The ABA's Model Rules for Professional Responsibility start with Rule 1.1: Competence:
A lawyer shall provide competent representation to a client. Competent representation requires the legal knowledge, skill, thoroughness and preparation reasonably necessary for the representation.
In 2012, the ABA added an eighth comment to this rule, which clarifies that rule 1.1 should be interpreted to mean that attorneys must maintain technological competence.
 To maintain the requisite knowledge and skill, a lawyer should keep abreast of changes in the law and its practice, including the benefits and risks associated with relevant technology, engage in continuing study and education and comply with all continuing legal education requirements to which the lawyer is subject.
Since then, 37 states have adopted the duty of technological competence, including Minnesota, and a few have gone further and require technology-related continuing legal education credits for members of the bar. This has raised the question of what kind of competence is required.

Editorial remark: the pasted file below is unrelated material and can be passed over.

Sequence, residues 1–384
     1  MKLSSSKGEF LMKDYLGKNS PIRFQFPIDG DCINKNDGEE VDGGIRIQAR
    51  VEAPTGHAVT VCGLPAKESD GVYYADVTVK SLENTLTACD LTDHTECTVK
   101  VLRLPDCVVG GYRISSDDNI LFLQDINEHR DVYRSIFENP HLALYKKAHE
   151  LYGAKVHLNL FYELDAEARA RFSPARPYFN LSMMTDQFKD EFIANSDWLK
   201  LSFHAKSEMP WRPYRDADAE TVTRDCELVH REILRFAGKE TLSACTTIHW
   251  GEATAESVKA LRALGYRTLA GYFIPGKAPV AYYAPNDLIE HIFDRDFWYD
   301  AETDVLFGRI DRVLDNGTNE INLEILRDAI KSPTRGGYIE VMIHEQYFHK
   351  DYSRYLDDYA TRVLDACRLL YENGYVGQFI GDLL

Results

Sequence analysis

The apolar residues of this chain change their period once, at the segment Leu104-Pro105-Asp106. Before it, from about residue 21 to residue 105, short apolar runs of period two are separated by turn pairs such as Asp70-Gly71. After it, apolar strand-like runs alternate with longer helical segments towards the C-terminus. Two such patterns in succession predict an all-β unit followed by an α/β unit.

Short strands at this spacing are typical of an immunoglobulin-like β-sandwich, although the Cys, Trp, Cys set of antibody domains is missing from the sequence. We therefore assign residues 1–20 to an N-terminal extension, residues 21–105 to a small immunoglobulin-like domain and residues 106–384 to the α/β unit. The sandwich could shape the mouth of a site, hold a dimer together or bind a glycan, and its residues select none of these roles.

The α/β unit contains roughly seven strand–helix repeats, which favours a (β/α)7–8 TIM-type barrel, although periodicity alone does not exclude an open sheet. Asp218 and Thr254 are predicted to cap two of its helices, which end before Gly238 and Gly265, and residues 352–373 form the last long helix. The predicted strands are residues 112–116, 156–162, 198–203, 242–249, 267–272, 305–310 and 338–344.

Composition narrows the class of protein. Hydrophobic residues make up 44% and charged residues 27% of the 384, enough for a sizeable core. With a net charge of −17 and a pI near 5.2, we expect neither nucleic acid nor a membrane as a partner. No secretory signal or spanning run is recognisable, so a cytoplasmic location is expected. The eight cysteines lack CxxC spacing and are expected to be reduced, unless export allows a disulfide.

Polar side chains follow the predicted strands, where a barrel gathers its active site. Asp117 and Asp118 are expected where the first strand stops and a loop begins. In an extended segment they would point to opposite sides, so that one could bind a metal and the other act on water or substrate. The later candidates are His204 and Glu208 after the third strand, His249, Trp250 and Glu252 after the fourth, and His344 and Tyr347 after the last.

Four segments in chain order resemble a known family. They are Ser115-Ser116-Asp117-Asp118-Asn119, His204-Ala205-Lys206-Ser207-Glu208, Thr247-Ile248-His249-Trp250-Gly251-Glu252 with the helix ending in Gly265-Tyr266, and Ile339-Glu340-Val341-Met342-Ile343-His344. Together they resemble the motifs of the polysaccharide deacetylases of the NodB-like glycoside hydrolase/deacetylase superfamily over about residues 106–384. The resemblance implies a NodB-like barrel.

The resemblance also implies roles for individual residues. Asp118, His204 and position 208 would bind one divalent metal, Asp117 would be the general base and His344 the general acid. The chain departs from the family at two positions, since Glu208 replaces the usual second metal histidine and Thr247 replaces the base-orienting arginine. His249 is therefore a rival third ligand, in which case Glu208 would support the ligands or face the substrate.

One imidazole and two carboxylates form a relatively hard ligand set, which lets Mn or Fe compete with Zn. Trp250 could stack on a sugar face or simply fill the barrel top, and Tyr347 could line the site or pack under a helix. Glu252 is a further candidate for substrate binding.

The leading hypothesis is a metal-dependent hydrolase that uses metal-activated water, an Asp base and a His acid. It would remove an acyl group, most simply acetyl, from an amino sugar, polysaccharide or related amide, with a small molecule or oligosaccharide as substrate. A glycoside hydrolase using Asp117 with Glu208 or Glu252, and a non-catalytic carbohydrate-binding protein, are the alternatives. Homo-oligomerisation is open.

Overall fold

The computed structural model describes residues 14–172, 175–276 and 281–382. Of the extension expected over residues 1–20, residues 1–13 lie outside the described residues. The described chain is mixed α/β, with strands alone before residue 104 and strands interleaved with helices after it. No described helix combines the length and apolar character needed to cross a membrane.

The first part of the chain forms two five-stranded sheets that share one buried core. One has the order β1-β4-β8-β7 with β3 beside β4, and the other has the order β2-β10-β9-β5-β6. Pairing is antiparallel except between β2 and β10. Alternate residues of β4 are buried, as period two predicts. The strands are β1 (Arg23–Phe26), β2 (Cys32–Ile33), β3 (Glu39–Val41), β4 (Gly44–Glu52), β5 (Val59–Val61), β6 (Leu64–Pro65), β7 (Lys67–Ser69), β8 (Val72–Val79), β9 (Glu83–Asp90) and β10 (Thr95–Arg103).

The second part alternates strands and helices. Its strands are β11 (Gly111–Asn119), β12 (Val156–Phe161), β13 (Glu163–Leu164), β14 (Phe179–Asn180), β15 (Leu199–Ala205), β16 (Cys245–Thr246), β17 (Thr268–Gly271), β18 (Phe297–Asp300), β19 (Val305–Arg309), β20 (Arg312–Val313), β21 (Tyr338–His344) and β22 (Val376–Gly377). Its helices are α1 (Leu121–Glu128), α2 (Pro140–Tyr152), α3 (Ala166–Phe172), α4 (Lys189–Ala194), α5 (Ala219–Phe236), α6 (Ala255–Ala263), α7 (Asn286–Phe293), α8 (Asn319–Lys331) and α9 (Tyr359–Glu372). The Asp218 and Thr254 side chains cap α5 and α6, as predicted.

The most common areas this rule have been applied to relate to data security, and effective use of technologies commonly used in the practice of law (such as email, storage of documents, office software, etc). Increasingly, other areas of technology are being discussed in this context. For example, some consider an understanding of social media technologies a core competence for attorneys. Another common area is e-discovery.
As technology evolves and is implemented by lawyers, the actual requirements of the duty of technological competence will change. The mandate is to keep up with the trends.
Below are some resources to help you get started.